By Rod Nickel, Liz Hampton, and Jeffrey Hodgson, with additional reporting by Ethan Lou in Toronto; Editing by Digby Lidstone and Mary Milliken
7 May 2016

LAC LA BICHE, Alberta, May 7 (Reuters) - A raging Canadian wildfire grew explosively on Saturday as hot, dry winds pushed the blaze across the energy heartland of Alberta and smoke forced the shutdown of a major oil sands project.

The fire that has already prompted the evacuation of 88,000 people from the city of Fort McMurray was on its way to doubling in size on Saturday, the seventh day of what is expected to be the costliest natural disaster in Canada's history.

Police escorted another convoy of evacuees out of the oil sands region north of Fort McMurray, taking them on a harrowing journey through burned out parts of the city and billowing smoke. Some 1,600 structures are believed to have been lost.

With temperatures on Saturday expected to rise as high as 28 Celsius (82 Fahrenheit), officials said the weather was hindering efforts to fight the wildfire.

"It is a dangerous, unpredictable fire, an absolutely vicious fire that is feeding off of an extremely dry boreal forest," Canadian Public Safety Minister Ralph Goodale told a media briefing.

Two RCMP police officers wear gas masks in the smoke from the wildfires near Fort McMurray, Alberta, Canada, on 6 May 2016. Photo: Mark Blinch / Reuters

The fire had scorched at least 156,000 hectares (385,000 acres) by Saturday morning, the Alberta government said. Officials warned late on Friday that the area affected by the fire, which they then said was 101,000 hectares, could double in size by the end of Saturday.

More than 500 firefighters are battling the blaze in and around Fort McMurray, along with 15 helicopters and 14 air tankers, the Alberta government said.

Within Fort McMurray, visibility is often less than 30 feet (9 meters) due to the smoke, making it still very dangerous to circulate in the city, Royal Canadian Mounted Police Inspector Kevin Kunetzki told reporters at a highway checkpoint.

Despite the fire's rapid spread, Goodale said there was no indication that oil infrastructure was at risk.

But the Syncrude oil sands project said Saturday it will shut down its northern Alberta operation and remove all personnel from the site due to smoke. There was no imminent threat from the fire.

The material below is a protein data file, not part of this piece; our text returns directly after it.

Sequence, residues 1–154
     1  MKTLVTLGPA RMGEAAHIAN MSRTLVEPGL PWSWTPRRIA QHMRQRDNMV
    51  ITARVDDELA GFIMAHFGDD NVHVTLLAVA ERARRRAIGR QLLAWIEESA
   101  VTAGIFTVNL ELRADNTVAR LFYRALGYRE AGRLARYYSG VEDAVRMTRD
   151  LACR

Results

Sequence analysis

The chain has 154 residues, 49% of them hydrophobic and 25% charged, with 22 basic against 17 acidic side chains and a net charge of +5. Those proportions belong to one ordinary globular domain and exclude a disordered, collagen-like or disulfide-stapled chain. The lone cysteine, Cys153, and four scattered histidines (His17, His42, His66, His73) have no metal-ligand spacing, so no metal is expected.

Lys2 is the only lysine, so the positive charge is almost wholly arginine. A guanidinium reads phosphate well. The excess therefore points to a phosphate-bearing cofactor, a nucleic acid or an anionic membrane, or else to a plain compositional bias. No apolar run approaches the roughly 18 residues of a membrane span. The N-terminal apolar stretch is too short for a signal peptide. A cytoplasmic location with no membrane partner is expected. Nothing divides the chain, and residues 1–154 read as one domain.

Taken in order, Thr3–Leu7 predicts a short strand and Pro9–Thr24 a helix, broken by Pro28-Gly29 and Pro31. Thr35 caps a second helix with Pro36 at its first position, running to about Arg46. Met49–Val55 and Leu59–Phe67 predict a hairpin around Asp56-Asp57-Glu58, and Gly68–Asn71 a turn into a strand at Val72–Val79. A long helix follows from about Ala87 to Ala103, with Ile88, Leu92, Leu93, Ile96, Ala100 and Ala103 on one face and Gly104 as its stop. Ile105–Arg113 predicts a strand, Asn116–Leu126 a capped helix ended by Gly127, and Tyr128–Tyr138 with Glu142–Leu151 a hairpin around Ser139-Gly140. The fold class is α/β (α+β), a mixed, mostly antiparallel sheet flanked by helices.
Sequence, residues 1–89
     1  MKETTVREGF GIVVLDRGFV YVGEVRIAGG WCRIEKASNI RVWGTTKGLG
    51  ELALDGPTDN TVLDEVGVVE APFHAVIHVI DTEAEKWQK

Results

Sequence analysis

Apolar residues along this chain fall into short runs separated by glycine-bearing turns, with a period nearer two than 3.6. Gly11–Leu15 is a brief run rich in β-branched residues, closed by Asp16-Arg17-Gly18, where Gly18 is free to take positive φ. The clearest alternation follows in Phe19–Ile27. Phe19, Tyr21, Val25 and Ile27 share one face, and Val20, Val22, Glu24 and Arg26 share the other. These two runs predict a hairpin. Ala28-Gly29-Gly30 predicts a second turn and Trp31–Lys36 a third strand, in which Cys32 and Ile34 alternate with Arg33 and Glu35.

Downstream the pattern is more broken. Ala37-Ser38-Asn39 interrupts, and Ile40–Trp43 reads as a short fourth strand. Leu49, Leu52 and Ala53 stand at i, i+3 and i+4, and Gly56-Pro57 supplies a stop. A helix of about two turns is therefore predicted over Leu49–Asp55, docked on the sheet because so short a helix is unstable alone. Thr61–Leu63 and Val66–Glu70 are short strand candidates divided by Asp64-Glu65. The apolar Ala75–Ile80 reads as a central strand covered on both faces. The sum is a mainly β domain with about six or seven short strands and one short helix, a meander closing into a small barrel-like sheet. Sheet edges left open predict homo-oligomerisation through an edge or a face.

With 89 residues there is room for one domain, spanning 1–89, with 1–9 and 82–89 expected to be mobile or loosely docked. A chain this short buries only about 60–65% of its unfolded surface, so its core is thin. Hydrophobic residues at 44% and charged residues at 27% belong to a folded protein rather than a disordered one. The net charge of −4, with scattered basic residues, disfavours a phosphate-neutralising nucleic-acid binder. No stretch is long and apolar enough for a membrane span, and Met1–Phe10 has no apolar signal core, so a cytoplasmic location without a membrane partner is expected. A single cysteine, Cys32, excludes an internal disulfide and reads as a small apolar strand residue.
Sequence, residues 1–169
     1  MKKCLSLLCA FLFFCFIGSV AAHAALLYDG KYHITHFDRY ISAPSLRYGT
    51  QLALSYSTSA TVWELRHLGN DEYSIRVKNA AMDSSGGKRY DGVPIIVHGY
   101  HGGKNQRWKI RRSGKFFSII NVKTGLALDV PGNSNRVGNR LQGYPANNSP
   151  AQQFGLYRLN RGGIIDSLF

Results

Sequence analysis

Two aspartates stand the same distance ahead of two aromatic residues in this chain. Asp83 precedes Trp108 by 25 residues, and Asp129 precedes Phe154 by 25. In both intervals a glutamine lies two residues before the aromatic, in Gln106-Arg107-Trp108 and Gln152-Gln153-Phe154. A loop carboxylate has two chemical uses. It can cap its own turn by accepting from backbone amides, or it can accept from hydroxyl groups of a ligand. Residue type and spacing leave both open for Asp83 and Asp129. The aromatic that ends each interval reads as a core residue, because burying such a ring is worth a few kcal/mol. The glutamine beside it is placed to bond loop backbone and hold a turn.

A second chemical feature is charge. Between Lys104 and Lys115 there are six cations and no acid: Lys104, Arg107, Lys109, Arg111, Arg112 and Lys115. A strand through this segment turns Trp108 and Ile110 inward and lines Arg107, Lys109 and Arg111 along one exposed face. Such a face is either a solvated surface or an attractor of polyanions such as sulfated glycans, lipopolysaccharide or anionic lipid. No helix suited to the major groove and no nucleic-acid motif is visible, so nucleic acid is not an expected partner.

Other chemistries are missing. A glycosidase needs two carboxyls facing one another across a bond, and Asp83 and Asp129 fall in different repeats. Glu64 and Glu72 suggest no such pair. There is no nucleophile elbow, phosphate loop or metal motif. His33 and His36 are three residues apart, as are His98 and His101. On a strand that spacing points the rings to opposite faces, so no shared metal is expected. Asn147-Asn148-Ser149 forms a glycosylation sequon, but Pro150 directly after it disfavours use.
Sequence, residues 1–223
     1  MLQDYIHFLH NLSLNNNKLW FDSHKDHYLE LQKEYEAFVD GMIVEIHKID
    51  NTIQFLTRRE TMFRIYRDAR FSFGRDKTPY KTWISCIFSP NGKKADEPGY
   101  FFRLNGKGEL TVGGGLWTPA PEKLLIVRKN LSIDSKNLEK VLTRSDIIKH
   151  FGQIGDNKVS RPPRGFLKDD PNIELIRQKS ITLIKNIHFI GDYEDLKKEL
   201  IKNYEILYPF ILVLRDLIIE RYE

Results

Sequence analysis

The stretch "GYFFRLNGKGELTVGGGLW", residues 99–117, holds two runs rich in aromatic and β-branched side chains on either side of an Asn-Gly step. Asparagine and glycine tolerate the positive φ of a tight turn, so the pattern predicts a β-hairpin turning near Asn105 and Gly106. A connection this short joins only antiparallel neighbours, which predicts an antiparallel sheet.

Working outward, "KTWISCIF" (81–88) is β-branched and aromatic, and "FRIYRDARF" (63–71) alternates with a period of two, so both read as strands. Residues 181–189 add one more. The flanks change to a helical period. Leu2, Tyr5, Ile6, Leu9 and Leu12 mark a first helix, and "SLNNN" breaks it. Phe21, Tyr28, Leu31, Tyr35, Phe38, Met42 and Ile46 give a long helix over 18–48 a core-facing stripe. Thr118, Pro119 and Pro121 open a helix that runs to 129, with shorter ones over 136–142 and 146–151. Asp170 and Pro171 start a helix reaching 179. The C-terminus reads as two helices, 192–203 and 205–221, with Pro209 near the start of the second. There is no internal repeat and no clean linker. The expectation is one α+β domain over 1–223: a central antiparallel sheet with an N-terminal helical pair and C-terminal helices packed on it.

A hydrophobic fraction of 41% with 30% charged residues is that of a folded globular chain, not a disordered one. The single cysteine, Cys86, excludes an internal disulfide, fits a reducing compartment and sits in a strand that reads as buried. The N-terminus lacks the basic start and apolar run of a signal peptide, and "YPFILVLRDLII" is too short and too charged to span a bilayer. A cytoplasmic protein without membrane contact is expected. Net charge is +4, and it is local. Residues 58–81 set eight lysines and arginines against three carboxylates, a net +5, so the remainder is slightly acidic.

At least 10 oil sand operators have cut production due to evacuations and other emergency measures that complicated delivery of petroleum by rail, pipeline and highway.

About half of Canada's oil sands production capacity has been taken offline by the conflagration, according to a Reuters estimate. [more]

Canada wildfire explodes in size, fed by 'extremely' dry forest

By Rachel La Corte and Rob Gillies
7 May 2016

LAC LA BICHE, Alberta (AP) – Canadian officials hoped to complete the mass evacuation of work camps north of Alberta's main oil sands city of Fort McMurray on Saturday, fearing a growing wildfire could double in size and reach a major oil sands mine and even the neighboring province of Saskatchewan.

Alberta Premier Rachel Notley said the massive wildfire in the province covered more than 156,000 hectares (385,476 acres) late Friday and was expected to grow because of high temperatures, dry conditions and high winds. That size includes burned areas and those areas still in flames.

The fire was 101,000 hectares (249,571 acres) on Friday and officials believed that number could increase two-fold.

"The fire may double in size in the forested areas today. As well they may actually reach the Saskatchewan border. In no way is this fire under control," Notley said. […]

Thousands of displaced residents were getting a sobering drive-by view of some of the burned-out neighborhoods as convoys continued Saturday. The images were largely ones of devastation — scorched trucks, charred homes and telephone poles, burned out from the bottom up, hanging in the wires like little wooden crosses. No deaths or injuries were reported.

Notley said about 12,000 evacuees have been airlifted from oil sands mine air fields over the past two days and about 7,000 have been evacuated in police escorted highway convoys. She said the goal was to complete the evacuation of evacuees from northern work camps by late Saturday.

Aerial view of smoke rising near highway 63 south of Fort McMurray, taken from a CH-146 Griffon helicopter on 5 May 2016. Photo: MCpl VanPutten / Department of National Defence in Canada / Anadolu Agency / Getty Images

Notley's comments came as officials said the fire could burn to the edges of the Suncor oil sands facility, about 15 miles (25 kilometers) north of Fort McMurray. Non-essential staff have been evacuating and efforts to protect the site were under way.

"This facility it should be emphasized is highly resilient to forest fires as we have seen in past when it's previously been threatened by very large fires," Notley said.

Oil sands mines are resilient to fires because they are cleared and have no vegetation, said Chad Morrison of Alberta Wildfire. […]

"This is a highly dangerous situation," Federal Public Safety Minister Ralph Goodale said. He said the fire is feeding off the "extremely dry" boreal forest. […]